MHCC Subcommittee Approves Multi-Unit Proposals

MHARRMulti-unit HUD Code manufactured homes took another step forward on May 5, 2015, as the General Subcommittee of the Manufactured Housing Consensus Committee (MHCC), following a two-hour conference call, unanimously approved a slate of proposals designed to authorize — and establish certain standards for – such homes.

Under the proposals developed by a General Subcommittee Task Force and debated during a March 26, 2015 conference call meeting (see, April 16, 2015 MHARR Washington Update), the HUD standards, for the first time, would expressly permit multi-unit HUD Code manufactured homes with up to three distinct and independent living areas (“dwelling units”), subject to certain requirements regarding fire safety, ventilation, power and water distribution, and other issues related to potentially higher occupancy levels within such multi-unit homes.

Most importantly, the proposals approved by the Subcommittee would add a new definition of “dwelling” to the HUD standards, based on the statutory requirement that manufactured homes be “designed to be used as a dwelling.”  Under the proposed definition, a “dwelling” would mean “any structure that contains one to a maximum of three dwelling units, designed to be occupied for residential living purposes.” A “dwelling unit,” in turn, would be defined as “a single unit providing complete independent living facilities for one or more persons, where the occupancy is primarily permanent in nature, including permanent provisions for separate living, sleeping, cooking, sanitation and eating.”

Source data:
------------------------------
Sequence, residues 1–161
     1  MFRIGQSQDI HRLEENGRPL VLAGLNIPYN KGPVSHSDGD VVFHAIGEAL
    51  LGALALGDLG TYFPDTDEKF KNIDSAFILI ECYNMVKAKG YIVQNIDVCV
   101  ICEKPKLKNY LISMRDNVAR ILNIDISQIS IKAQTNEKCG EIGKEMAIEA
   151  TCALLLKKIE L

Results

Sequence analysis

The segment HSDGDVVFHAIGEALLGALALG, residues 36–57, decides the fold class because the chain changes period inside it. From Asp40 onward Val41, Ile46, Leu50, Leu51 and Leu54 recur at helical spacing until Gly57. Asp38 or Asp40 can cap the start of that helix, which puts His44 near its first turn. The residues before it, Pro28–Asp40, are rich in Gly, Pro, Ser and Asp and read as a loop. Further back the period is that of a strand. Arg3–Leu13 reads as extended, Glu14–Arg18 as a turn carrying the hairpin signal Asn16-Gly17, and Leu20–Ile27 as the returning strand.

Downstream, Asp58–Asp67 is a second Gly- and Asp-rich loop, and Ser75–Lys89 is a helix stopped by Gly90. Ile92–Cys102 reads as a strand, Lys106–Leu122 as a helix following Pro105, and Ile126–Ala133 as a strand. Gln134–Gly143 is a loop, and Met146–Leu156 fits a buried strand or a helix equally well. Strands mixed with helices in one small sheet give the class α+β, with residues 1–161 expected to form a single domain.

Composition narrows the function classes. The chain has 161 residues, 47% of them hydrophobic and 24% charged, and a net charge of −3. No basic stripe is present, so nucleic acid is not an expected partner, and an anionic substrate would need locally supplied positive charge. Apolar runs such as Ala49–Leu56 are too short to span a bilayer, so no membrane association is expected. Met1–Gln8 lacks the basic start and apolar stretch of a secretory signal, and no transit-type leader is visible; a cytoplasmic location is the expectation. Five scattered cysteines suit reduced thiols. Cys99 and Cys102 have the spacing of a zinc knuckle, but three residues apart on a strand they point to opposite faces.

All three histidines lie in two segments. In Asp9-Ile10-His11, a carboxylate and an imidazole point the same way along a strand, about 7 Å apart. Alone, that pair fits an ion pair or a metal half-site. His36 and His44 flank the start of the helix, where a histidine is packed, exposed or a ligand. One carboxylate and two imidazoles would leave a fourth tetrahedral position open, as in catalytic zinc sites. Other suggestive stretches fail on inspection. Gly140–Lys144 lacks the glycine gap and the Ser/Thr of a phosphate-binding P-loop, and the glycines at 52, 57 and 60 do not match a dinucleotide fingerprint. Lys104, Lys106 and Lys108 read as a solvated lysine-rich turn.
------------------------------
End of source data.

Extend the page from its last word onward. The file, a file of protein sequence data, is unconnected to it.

All of this activity arises out of an October 3, 2014 “Guidance Memorandum” issued by the HUD program Administrator threatening enforcement action against homes designed for other than “single-family use” based on section 3280.2 of the HUD standards.  MHARR immediately objected to that Memorandum on the grounds that the National Manufactured Housing Construction and Safety Standards Act of 1974 (as amended) does not limit HUD Code manufactured housing to “one-family” or “single-family” use and that HUD Code producers, retailers and communities should not be exposed to potential litigation or fines based on what does – or does not – constitute a “single-family.”  At its December 2014 meeting, the MHCC agreed with MHARR’s concerns and tasked the General Subcommittee with addressing potential issues relating to aspects of multi-unit HUD Code homes.

Pursuant to the vote of the General Subcommittee, the slate of multi-unit proposals will be forwarded to the full MHCC for consideration, presumably at its upcoming in-person meeting in Washington, D.C. during the week of August 17, 2015.

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